Michelle Au, MD, MPH
American Board of Anesthesiology
Specialty: Anesthesiology

Human Connection

One of the biggest challenges anesthesiologist Michelle Au, MD, MPH faces on the front lines of the COVID-19 pandemic is continuing to offer personal, warm care to her patients.

“Unfortunately, the highly infectious nature of the coronavirus has changed the fundamental way we relate to, and take care of, our patients,” said Dr. Au. “For infection control purposes, we must be masked and gloved and talk to patients at a distance, or even through baby monitors. But if we are to truly care for the body and spirit of sick, frightened patients who are unable to have their family with them, we must Rnd ways to foster and convey the human connection, which is fundamental to the practice of heath care.”

Being Part of a Community

Being a front line physician during a generational public health crisis gave Dr. Au a powerful reminder of the awesome social responsibility physicians face every day, even outside of the four walls of their hospitals or offices.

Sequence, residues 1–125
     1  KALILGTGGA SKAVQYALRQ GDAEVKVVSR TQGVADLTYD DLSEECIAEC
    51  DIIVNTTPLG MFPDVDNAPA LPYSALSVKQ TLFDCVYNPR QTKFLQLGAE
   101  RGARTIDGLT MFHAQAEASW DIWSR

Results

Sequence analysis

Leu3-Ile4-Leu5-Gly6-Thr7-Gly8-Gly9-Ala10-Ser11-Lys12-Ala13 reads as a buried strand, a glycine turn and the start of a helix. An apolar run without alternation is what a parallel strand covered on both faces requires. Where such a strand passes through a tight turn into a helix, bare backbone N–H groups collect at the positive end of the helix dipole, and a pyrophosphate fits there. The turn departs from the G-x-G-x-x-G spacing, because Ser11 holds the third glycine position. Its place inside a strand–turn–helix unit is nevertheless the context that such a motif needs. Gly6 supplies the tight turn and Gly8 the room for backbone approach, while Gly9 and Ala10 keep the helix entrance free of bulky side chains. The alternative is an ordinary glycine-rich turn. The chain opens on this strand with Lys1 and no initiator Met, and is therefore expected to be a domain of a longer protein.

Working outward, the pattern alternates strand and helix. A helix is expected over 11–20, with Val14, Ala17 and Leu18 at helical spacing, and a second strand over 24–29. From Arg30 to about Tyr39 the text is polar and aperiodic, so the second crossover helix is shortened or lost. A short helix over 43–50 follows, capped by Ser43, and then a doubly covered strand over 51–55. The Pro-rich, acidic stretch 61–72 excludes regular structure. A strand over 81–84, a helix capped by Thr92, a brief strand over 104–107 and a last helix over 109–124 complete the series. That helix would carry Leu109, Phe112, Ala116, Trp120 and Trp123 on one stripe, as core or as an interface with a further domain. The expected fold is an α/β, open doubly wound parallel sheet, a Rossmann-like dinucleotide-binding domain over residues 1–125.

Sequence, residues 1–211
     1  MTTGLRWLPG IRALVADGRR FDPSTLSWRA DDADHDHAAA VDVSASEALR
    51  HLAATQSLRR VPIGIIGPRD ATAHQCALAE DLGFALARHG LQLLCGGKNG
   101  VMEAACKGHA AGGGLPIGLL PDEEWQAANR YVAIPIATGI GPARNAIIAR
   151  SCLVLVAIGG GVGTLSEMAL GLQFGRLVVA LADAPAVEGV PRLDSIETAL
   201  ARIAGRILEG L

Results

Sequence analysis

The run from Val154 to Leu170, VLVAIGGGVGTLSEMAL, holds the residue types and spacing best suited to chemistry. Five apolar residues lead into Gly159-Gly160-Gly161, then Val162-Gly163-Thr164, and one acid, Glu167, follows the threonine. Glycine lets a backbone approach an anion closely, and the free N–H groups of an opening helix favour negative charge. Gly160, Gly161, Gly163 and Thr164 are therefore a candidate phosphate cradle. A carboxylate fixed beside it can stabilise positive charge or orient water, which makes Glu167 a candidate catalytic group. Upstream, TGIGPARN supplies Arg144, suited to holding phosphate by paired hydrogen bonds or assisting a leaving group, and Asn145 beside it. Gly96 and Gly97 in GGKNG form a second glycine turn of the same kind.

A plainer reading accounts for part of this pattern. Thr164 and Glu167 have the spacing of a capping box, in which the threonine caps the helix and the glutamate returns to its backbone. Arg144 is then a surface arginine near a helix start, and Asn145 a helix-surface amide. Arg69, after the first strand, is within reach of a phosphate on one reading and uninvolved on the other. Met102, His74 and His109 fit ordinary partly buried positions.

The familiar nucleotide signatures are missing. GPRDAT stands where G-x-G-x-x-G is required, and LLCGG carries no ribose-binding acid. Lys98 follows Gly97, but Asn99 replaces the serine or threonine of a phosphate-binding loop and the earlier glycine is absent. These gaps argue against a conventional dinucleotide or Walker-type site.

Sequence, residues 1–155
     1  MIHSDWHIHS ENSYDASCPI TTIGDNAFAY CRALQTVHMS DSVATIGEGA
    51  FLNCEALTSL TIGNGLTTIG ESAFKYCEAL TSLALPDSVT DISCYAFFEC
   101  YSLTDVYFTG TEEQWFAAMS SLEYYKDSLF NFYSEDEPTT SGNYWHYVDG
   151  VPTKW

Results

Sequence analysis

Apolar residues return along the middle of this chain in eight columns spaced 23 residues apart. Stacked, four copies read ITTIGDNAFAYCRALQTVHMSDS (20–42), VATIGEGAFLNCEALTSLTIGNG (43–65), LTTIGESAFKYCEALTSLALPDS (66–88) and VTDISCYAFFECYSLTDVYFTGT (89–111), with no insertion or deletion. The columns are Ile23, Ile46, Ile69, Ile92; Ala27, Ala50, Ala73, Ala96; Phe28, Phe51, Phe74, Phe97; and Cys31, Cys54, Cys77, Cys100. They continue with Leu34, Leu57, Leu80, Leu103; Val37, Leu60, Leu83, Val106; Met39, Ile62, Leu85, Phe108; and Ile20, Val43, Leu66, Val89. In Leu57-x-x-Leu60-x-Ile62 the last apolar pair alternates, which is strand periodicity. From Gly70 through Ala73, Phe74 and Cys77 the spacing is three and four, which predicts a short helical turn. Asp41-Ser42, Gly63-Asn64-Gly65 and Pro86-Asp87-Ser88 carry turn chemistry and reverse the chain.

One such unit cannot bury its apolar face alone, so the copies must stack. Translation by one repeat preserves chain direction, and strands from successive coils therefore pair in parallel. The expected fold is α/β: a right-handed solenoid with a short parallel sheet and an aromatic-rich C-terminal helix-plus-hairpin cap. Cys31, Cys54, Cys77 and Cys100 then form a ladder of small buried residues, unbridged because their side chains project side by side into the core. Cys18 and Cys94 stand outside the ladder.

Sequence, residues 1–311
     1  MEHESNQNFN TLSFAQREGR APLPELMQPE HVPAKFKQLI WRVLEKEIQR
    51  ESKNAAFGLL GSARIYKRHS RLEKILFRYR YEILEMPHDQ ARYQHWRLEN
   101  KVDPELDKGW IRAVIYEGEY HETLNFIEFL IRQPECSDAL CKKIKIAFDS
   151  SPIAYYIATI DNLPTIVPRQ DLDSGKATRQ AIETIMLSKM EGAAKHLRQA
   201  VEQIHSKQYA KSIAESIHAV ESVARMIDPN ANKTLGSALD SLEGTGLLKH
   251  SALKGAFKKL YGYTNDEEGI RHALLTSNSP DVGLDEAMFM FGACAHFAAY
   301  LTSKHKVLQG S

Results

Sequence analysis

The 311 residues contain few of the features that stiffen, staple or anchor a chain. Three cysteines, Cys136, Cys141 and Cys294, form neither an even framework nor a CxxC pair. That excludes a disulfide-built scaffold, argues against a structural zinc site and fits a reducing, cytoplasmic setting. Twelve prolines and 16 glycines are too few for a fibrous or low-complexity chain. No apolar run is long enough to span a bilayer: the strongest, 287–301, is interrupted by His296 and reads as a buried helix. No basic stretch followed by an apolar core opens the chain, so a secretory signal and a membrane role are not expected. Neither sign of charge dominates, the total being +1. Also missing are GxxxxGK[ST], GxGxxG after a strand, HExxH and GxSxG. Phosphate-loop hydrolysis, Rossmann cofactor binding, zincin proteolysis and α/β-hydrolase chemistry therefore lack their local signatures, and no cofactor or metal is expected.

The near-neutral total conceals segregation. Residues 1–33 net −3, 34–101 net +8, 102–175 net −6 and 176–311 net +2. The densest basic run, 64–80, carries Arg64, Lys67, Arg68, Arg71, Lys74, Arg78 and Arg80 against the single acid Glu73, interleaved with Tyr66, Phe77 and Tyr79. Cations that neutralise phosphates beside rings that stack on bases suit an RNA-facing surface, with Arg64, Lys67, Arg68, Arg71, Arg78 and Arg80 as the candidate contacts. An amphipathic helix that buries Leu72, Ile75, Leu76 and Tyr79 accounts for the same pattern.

“Beyond providing medical care to patients, we are community leaders. People look to us for answers and for reassurance. We are educators, using our decades of scientific training and clinical experience to break down complex concepts, such as this virus. We are scholars, keeping abreast of rapidly changing research and best practices. And we are role models, showing, rather than telling what those best practices should be, knowing that our communities are looking to us to help guide the way.”

But community goes both ways. During the early days of the pandemic, Dr. Au and her colleagues appreciated the support of their community as they coped with a surge of very sick patients. They received supportive cards and emails, in addition to donated supplies and meals during their shifts. “While we were the ones on the front line, it was heart-warming and bolstering to know that there was a whole community right behind us, helping us to do our jobs.”